Tables 23.3 and 23.4 are syndrome classification systems used by Maryland Department of Hygiene and Mental Health and the New York City Department of Health and Mental Hygiene, respectively.

A final subtle point about the definition of syndromes that applies to both chief complaint syndrome definitions and ICD-code sets described later: The field of artificial intelligence distinguishes between intensional and extensional definitions. Tables 23.2 and 23.4 are intensional definition of syndrome categories. They express the intent of the system designer.

3 In practice, we train the CoCo parser using a set of approximately 10,000 chief complaints that a human has manually classified into one of these eight categories. Note that there is nothing domain specific about a Bayesian classifier as it is a mathematical formalism. CoCo could just as easily be trained to recognize a set of injury-related chief complaints.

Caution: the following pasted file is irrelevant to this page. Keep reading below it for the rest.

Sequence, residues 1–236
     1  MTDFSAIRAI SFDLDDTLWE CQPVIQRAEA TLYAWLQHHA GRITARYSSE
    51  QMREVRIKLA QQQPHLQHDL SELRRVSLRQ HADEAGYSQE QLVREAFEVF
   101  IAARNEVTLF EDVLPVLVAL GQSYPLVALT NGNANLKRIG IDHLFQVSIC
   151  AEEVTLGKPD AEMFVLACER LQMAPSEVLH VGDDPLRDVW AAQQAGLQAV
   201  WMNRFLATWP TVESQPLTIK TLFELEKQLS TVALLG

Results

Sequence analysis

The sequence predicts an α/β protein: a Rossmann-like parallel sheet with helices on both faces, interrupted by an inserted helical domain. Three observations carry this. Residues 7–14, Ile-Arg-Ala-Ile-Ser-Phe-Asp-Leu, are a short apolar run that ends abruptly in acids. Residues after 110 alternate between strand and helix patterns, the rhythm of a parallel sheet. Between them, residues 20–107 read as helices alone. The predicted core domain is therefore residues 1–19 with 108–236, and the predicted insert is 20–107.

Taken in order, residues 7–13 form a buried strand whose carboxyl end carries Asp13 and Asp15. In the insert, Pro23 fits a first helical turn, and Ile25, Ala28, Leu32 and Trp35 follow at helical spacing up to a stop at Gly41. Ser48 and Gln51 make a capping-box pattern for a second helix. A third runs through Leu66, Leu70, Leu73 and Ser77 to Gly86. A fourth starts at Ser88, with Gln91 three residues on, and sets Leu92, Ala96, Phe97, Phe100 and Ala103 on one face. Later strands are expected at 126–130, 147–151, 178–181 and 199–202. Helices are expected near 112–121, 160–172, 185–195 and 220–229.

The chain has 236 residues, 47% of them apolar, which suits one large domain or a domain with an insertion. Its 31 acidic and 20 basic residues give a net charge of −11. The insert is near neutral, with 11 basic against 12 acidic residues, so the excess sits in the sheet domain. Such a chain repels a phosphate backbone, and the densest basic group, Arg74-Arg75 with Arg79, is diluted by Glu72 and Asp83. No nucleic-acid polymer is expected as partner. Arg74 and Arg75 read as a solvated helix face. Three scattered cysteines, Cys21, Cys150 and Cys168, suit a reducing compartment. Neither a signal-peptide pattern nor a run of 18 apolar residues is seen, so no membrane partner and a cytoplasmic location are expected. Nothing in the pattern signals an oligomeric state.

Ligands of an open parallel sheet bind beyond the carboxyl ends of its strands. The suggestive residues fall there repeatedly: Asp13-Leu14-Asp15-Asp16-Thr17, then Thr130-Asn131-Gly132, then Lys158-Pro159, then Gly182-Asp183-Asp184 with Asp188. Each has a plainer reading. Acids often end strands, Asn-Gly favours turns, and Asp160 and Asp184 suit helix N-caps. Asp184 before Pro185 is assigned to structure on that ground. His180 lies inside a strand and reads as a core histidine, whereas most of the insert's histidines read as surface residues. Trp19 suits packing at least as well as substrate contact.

table 2 3.2 CoCo Syndrome Definitions

CoCo Syndrome

Definition

Gastrointestinal Includes pain or cramps anywhere in the abdomen, nausea vomiting, diarrhea and abdominal distension or swelling.

Constitutional Is made up of nonlocalized, systemic problems including fever, chills, body aches, flu symptoms (viral syndrome), weakness, fatigue, anorexia, malaise, irritability, weight loss, lethargy, sweating (diaphoresis), light headedness, faintness and fussiness. Shaking (not chills) is not constitutional but is other. Includes all of the "vaguely unwell" terms: doesn't feel well, feels ill, feeling sick or sick feeling, feels bad all over, not feeling right, sick, in pain, poor vital signs.

Shaking or shaky or trembling (not chills) are not constitutional but are other (8).

However, tremor(s) is neurological (7).

Note: cold usually means a URI (cold symptoms; 3), not chills. Weakness, especially localized, is often neurological (7), rather than constitutional.